Berry acquires CCL closures business
EVANSVILLE, IND. - Berry Plastics Corp. expanded its closures business by acquiring products and assets from CCL Industries Ltd. of Toronto.
Berry bought CCL's 400-series of continuous-threaded, injection molded closures and an unspecified number of injection presses from CCL's Los Angeles facility. Officials did not disclose terms of the deal, announced Feb. 24.
Ira Boots, Berry president and chief executive officer, said in a telephone interview that Berry will move the presses to one of its western facilities to continue serving customers in the region. The acquired business represents about $8 million a year in sales. Berry, based in Evansville, is a major player in injection molded and thermoformed closures, containers, cups, overcaps and housewares.
CCL's Los Angeles facility will focus on its core business of making plastic tubes for the personal-care market, said Gene Dorsch, president of the CCL Packaging division.
Decoma passes on Peguform assets
CONCORD, ONTARIO - Decoma International Inc. has backed off from a proposal to buy Peguform GmbH's French operations.
The exterior automotive specialist did not provide any details on the decision, announced Feb. 28.
Peguform France SAS and its four plants are operating in insolvency, the same as its parent group, Peguform GmbH of BÃ¶tzingen, Germany - itself part of Venture Holdings Co. LLC of Fraser, Mich. Companies interested in buying the assets had to submit a bid to the French court by Jan. 31. The bulk of the French business is in injection molding and painting of bumper fascias.
Executives for Concord-based Decoma have said the company is seeking potential acquisitions through the coming months. The French business was one possible target.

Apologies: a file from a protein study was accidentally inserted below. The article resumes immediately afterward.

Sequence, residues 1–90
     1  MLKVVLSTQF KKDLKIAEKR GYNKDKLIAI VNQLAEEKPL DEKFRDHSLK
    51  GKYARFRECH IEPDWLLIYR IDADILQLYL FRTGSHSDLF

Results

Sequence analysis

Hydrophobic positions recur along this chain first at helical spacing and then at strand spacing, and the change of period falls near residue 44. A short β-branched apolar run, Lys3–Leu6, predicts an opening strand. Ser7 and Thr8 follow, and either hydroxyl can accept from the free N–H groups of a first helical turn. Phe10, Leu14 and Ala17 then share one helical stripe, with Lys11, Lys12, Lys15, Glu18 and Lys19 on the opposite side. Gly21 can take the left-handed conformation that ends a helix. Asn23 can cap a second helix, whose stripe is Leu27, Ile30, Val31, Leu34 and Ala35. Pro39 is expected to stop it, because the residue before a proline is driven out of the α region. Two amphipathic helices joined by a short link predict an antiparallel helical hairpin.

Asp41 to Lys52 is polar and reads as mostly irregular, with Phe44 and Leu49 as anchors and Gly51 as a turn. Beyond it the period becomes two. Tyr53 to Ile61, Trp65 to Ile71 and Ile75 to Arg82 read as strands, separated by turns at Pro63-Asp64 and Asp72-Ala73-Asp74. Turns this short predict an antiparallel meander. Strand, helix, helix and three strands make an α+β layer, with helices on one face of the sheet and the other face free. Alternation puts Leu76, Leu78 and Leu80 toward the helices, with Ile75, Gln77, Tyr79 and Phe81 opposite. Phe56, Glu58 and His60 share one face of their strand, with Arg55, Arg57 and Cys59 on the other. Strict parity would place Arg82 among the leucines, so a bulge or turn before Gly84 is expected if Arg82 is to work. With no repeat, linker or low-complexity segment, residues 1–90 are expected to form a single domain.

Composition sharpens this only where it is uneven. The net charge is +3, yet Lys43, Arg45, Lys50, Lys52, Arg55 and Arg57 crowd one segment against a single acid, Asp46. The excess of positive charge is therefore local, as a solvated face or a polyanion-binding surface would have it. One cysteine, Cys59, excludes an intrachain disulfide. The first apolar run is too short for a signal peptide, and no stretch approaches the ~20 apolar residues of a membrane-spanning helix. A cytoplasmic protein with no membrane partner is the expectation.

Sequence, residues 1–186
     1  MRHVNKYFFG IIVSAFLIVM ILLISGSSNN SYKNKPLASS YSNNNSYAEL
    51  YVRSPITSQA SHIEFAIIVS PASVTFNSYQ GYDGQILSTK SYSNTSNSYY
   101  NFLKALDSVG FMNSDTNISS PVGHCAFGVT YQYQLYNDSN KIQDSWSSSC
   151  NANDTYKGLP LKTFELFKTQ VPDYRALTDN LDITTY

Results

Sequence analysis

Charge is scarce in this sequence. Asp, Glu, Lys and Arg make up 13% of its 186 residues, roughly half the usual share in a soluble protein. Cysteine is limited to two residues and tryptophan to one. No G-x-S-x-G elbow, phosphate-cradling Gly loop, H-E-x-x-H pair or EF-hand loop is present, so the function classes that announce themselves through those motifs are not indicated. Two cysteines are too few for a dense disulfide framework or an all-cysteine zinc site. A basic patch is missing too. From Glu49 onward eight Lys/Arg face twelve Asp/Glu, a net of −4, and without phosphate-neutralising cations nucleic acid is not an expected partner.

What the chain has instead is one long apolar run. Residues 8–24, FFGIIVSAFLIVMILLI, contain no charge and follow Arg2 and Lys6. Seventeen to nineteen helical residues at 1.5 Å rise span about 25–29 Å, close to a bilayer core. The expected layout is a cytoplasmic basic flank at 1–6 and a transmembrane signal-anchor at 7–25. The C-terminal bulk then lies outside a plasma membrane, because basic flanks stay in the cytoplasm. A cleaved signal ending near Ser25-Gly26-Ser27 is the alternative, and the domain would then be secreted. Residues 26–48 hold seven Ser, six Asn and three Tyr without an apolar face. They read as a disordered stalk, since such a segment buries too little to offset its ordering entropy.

Plastech looks at Louisville plant site
LOUISVILLE, KY. - Plastech Engineered Products Inc. might build a second plant in Louisville, according to a local newspaper.
The minority-owned auto parts injection molder is eligible for as much as $8.5 million in state income tax credits for investment in a $78 million manufacturing plant, reported Business First. The facility would employ about 425 and have about 330,000 square feet of space.
Plastech officials could not be reached for comment.
Dearborn, Mich.-based Plastech leased its first plant in Louisville, a 273,000-square-foot building, in 2000.
Kuttawa auction rescheduled for March
KUTTAWA, KY. - An auction for the assets of injection molder Kuttawa Plastics LLC has been delayed until at least mid-March.
Kuttawa formed in the past few months from the struggling Diversified Decorative Plastics LLC after a turnaround effort failed.
The Kuttawa-based firm made decorative auto moldings. Management and outside investors have attempted to keep it operating, with hopes to buy the assets through an auction originally set for Feb. 28 at accounting firm Philip-Rae & Co. in Naperville, Ill.
The session was delayed for about 10 days because of requests for more time to prepare bids, said Philip-Rae executives.
Former recycling exec gets prison term
MINNEAPOLIS - The former president of recycler Quality Checked Plastics Inc. was sentenced Feb. 25 to prison and ordered to pay more than $500,000, after he admitted stealing from the company's pension plan.
Steven Chester Lind, 55, of Hamilton, Ohio, was sentenced to 33 months in prison, plus three years of supervised release. He also was ordered to pay $415,000 restitution to the Paynesville, Minn., PET and high density polyethylene recycling company, and to pay a $98,000 personal judgment.
Prosecutors said he stole the money between 1998 and 2000 by tapping into the pension fund, using corporate credit cards for personal benefit, paying himself more salary than he was allowed and diverting company tax payments for his personal use.
He was sentenced in U.S. District Court in Minneapolis.
Prosecutors did not say why he took the money, but Lind had a $444,000 judgment against him from a 1990 bank embezzlement case. As a result of that charge, he had served 18 months in federal prison in Duluth, Minn.
Lind began working at Quality as a bookkeeper in 1991 and later was promoted to president, prosecutors said.